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Diary of a Fat Girl: How I Lost 140 Pounds, Overcame Binge Eating Disorder, and Learned to Love Myself After Weight Loss Surgery Paperback – August 3, 2015
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About the Author
Lisa remembers, at six years old, hiding in her grandmother's kitchen and eating six meatballs in under a minute. She was truly hungry, but she didn't want anyone to see her eat, so she binged in secret. Placed on restrictive diets beginning in kindergarten, she was continually sneak eating and binge eating as a child, partially out of rebellion against her narcissistic mother, mostly because she was ravenous all the time. After years of yo-yo dieting, binge eating and purging as a teen, and reaching nearly four hundred pounds, she sought out her first weight loss surgery at age twenty-three. She soon discovered that weight loss surgery isn't the easy way out. Her book, Diary of a Fat Girl, documents her first year after gastric bypass, her third in a series of weight loss surgeries that didn't work. She wrote every day as she unraveled the pain of her past and told, in painful detail, what it's like to recover from a severe eating disorder. Brutally telling the details of her weight-loss surgeries and struggles as the daughter of a narcissistic mother, Diary of a Fat Girl follows Lisa on her difficult journey to recovery. Discover how she lost most of the weight, gained it back, lost it again, but gained a more holistic understanding and acceptance of her body that goes beyond diets, dress sizes, or gym hours.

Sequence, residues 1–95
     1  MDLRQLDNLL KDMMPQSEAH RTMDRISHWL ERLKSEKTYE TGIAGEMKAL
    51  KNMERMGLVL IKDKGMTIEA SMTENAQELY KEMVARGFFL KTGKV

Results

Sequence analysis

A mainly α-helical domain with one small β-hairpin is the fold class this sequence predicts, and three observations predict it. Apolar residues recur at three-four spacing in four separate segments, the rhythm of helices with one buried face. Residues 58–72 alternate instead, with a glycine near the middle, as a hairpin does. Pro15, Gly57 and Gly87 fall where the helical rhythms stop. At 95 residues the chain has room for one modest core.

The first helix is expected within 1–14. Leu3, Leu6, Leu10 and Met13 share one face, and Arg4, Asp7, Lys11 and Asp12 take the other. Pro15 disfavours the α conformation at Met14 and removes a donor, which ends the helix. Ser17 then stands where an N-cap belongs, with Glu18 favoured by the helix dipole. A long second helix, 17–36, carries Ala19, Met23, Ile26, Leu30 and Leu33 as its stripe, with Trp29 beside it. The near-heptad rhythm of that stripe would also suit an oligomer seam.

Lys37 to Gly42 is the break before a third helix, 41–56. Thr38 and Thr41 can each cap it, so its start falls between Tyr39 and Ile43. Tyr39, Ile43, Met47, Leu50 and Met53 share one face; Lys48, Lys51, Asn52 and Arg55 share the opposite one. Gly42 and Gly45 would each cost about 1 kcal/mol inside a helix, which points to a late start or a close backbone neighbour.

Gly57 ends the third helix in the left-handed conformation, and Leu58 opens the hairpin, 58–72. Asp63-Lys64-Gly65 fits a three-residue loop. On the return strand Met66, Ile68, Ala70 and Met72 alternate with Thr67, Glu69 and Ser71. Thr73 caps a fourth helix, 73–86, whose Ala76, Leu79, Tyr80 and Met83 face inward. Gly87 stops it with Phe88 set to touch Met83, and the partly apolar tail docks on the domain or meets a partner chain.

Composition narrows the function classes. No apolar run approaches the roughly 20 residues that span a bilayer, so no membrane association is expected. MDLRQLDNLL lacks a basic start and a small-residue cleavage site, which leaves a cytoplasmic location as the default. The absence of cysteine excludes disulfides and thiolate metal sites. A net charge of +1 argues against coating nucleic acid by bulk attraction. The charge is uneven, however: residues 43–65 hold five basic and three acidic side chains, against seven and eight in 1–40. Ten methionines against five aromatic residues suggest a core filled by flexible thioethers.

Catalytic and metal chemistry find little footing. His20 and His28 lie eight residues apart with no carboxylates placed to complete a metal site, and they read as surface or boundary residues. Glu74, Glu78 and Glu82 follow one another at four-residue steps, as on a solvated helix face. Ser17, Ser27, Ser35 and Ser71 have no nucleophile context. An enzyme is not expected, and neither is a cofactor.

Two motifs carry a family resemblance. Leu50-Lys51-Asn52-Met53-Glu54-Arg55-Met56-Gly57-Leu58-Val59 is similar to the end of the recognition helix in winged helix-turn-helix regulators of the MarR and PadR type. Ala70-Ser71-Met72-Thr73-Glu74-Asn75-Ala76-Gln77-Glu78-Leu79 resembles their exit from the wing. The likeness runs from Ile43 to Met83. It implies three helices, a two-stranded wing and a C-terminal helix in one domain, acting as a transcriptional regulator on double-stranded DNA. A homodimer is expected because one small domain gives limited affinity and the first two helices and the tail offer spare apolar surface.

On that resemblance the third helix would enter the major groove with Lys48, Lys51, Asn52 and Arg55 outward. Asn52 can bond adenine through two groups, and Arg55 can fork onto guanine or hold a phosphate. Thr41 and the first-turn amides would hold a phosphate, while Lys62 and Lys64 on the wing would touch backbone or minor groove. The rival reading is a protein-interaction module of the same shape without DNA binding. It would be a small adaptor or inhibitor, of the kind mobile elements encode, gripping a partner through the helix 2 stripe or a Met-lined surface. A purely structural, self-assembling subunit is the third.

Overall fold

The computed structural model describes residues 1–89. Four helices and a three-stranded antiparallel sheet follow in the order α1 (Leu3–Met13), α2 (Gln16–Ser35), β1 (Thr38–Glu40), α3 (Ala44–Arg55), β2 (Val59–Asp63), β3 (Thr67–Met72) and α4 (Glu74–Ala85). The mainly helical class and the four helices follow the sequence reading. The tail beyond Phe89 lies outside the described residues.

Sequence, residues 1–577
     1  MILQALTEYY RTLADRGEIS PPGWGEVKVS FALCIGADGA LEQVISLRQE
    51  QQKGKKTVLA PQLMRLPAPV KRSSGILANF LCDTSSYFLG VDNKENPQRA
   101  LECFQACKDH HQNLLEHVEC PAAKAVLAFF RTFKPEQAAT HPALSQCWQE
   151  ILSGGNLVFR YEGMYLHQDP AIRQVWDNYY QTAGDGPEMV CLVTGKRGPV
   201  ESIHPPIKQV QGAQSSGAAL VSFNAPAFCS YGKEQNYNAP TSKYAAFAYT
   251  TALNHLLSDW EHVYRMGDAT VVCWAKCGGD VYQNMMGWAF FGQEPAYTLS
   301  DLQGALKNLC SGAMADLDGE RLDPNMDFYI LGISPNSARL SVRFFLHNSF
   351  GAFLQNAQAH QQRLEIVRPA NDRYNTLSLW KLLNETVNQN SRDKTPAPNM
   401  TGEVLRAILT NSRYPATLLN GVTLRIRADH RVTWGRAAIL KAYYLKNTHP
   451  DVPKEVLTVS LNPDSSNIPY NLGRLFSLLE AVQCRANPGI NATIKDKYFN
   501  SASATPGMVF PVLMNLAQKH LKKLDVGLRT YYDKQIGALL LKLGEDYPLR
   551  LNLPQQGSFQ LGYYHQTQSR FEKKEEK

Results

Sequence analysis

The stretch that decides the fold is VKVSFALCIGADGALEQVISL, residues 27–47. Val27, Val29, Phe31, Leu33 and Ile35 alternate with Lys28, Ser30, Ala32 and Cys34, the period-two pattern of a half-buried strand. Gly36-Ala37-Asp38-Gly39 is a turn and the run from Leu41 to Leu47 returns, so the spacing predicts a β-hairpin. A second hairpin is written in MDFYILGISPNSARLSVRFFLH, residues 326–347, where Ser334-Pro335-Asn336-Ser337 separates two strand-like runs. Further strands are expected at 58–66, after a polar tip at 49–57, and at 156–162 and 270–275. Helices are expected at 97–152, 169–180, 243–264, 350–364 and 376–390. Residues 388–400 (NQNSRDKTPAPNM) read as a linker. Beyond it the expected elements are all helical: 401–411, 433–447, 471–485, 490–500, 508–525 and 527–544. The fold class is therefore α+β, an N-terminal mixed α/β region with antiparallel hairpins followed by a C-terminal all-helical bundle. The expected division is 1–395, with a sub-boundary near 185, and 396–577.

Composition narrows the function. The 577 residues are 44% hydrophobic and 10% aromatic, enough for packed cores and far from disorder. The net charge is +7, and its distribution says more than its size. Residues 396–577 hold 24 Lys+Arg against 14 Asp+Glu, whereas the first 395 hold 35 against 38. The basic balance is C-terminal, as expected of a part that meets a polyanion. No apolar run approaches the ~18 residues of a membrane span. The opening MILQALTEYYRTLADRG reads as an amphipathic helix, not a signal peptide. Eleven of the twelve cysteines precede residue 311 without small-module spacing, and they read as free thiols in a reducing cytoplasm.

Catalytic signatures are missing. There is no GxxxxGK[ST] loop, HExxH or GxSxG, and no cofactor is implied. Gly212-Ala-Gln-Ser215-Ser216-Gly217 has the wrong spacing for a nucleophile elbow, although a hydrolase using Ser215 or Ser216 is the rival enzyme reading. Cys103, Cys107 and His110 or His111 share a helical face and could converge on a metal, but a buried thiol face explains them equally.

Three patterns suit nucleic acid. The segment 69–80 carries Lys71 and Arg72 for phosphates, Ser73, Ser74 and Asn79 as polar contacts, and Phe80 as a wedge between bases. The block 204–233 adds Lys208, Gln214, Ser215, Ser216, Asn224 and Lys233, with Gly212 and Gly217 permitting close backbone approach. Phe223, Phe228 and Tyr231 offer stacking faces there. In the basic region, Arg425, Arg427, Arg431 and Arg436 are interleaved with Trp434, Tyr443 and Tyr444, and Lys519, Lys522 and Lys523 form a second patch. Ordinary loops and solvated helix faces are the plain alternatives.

Dedicated to helping people live healthier, happier lives, Prof Lisa Sargese is a certified hypno-counselor and trained qigong therapist. Lisa speaks and vlogs on a number of personal development topics, including goal-reaching, recovery, the mind-body connection, spirituality, and healing. In 2009, she received the Mirror Mirror Award for her work in body positivity and eating disorder recovery. In 2012 she was honored with the Tikkun Olam Award for her interfaith work. She teaches religion and psychology in her home state of New Jersey
Top customer reviews
It also shows how surgery can be helpful sometimes, but the negative effects are very real. Lisa is not alone in that weight loss surgery was not a cure all. It gives great perspective into the mind of someone dealing with food addiction. A good read for those dealing with this addiction. You are not alone.
As someone who has struggled with weight all her life, had wls issues and prior to that a major eating disorder, which does occasionally still rear it's ugly head, it can help fellow wls peeps, whether they had an optimal outcome to catastrophic, learn from Lisa's experiences and her wisdom on identifiying where self sabotage comes from and how to get on a better emotional path, of recovery from destructive eating, which isn't defined by qualifying ourselves and what we eat, as good or bad.
The only "tool" that people need and it's not talked about in the wls community, is the one in their head, not their digestive system.